Student Loan Repayments
For many individuals who go to University they will have heard of and be aware of the student loan. The Student Loan Company lends students the money to pay for their tuition fees and lends eligible students a sum each term for maintenance and living expenses.
For employees the student loan repayments are deducted from their wages by their employer before being paid to their bank accounts. Payslips and P60 documents will show how much has been deducted from oneâ€™s pay during a tax period. Individuals working through self-employment will not have their student loan deducted from their income before they receive it. The self-assessment tax returns have a section for the individual to note when they started their undergraduate course and if they are due to repay their student loan. The tax calculated will then include 9% on total income above the thresholds (see further on) as repayment. This amount is paid alongside self-assessment tax to HMRC, who then pass the student loan sum to the Student Loan Company. There are two different repayment plans for undergraduate courses which are based on the studentâ€™s location and when the course began; students do not select their repayment plan.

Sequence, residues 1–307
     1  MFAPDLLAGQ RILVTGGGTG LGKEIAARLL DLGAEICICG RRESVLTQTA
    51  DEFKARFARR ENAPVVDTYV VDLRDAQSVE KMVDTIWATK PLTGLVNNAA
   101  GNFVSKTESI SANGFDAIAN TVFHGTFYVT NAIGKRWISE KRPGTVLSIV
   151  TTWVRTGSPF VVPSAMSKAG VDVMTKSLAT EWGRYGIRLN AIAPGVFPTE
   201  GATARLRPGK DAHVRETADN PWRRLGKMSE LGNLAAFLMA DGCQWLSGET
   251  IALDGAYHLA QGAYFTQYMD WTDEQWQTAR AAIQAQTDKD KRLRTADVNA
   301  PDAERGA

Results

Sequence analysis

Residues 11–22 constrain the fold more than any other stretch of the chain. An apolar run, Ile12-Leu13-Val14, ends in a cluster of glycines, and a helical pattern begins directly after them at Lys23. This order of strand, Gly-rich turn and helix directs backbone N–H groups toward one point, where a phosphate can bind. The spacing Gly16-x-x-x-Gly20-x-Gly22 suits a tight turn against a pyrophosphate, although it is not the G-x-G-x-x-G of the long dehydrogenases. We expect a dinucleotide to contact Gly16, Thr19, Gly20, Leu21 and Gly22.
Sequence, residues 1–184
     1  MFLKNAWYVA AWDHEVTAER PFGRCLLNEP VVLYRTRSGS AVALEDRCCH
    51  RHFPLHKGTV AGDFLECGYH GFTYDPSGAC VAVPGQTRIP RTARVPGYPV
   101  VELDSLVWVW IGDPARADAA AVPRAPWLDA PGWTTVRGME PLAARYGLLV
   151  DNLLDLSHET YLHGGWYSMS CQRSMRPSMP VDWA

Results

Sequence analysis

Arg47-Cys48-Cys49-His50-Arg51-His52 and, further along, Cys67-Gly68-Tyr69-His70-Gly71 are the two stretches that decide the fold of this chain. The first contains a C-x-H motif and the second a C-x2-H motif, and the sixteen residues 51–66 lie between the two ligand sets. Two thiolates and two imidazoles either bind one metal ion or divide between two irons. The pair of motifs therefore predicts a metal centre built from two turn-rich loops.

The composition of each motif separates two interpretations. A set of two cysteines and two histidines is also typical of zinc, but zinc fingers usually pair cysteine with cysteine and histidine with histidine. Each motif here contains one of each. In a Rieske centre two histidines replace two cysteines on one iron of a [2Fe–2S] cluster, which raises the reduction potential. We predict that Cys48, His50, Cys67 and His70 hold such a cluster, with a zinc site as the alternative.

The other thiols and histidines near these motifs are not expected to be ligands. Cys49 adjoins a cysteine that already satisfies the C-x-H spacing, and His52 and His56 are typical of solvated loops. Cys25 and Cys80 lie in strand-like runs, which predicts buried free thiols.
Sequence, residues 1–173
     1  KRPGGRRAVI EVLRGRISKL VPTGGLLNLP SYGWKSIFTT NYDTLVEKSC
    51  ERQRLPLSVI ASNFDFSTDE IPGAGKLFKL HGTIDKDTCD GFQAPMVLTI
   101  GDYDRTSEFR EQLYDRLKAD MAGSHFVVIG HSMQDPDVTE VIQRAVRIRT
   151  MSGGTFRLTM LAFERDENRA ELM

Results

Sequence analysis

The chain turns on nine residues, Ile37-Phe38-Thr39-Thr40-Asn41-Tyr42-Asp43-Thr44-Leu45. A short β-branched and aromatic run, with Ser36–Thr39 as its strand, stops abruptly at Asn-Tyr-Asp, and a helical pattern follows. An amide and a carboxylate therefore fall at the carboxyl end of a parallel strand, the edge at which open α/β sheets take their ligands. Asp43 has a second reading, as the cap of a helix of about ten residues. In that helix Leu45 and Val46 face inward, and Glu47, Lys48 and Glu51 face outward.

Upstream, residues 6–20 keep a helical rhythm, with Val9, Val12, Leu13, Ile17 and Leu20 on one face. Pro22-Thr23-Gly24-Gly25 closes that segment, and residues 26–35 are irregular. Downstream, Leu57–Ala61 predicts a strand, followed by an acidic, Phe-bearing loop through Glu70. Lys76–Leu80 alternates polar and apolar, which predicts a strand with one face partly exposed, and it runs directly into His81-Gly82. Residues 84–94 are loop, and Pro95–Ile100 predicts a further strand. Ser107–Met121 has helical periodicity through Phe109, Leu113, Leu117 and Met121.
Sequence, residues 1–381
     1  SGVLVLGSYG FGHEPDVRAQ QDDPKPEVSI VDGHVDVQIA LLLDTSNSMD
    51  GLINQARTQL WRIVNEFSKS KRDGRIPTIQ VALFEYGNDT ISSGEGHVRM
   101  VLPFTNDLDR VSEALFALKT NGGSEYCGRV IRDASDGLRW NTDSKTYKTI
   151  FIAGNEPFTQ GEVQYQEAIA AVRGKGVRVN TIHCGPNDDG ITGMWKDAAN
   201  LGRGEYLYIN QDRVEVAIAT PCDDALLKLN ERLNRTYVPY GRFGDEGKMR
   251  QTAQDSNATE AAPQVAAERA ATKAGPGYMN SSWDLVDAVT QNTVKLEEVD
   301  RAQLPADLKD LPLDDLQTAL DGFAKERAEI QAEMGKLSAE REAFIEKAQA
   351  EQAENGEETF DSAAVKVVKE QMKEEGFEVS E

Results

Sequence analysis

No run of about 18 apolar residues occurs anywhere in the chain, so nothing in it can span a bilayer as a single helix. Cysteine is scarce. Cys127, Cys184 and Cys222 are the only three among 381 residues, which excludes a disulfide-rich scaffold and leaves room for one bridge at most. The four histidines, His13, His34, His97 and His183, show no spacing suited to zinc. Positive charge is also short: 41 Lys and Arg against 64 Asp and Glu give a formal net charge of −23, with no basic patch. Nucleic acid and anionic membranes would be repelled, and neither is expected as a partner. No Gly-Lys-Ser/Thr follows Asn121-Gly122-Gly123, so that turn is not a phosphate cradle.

Plan 1 applies to the following: England and Wales students who began their course in the UK before the 1st September 2012, Scotland and Northern Ireland students and EU studying in England, Wales, Scotland or Northern Ireland who started their course on or after the 1st September 1998.
Plan 2 applies to England and Wales students studying in the UK, and EU students studying in England and Wales, who started their course on or after the 1st September 2012.
Each loan becomes repayable the April that the student leaves their course, or the 4th April after their undergraduate course began if they work part-time, and if the individual earns above the threshold for repayment. For plan 1, those earning over Â£364 a week or Â£1,577 a month will have the repayments deducted from their income whereas plan 2 is repayable when the individual earns Â£494 a week or Â£2,143 a month. A Plan 1 loan is written off by the Student Loan Company for England, Wales and Northern Ireland students when the individual becomes 65 years of age and they withdrew the loan on or before the 2005-2006 academic year. If they took out the loan on or after the 2006-2007 academic year the loan is written off 25 years after the first April repayments became due. For Scotland students with a Plan 1 loan, this is written off when they become 65 and took the loan out on or before the 2006-2007 academic year. For those who took the loan from the 2007-2008 academic year, the loan is written off 30 years after the first April repayment was due.
For Plan 2 loans, these are all written off 30 years after the first April the students are due to make their repayments.Tags:
Self-assessment tax return, student loans, student loan repayments, personal tax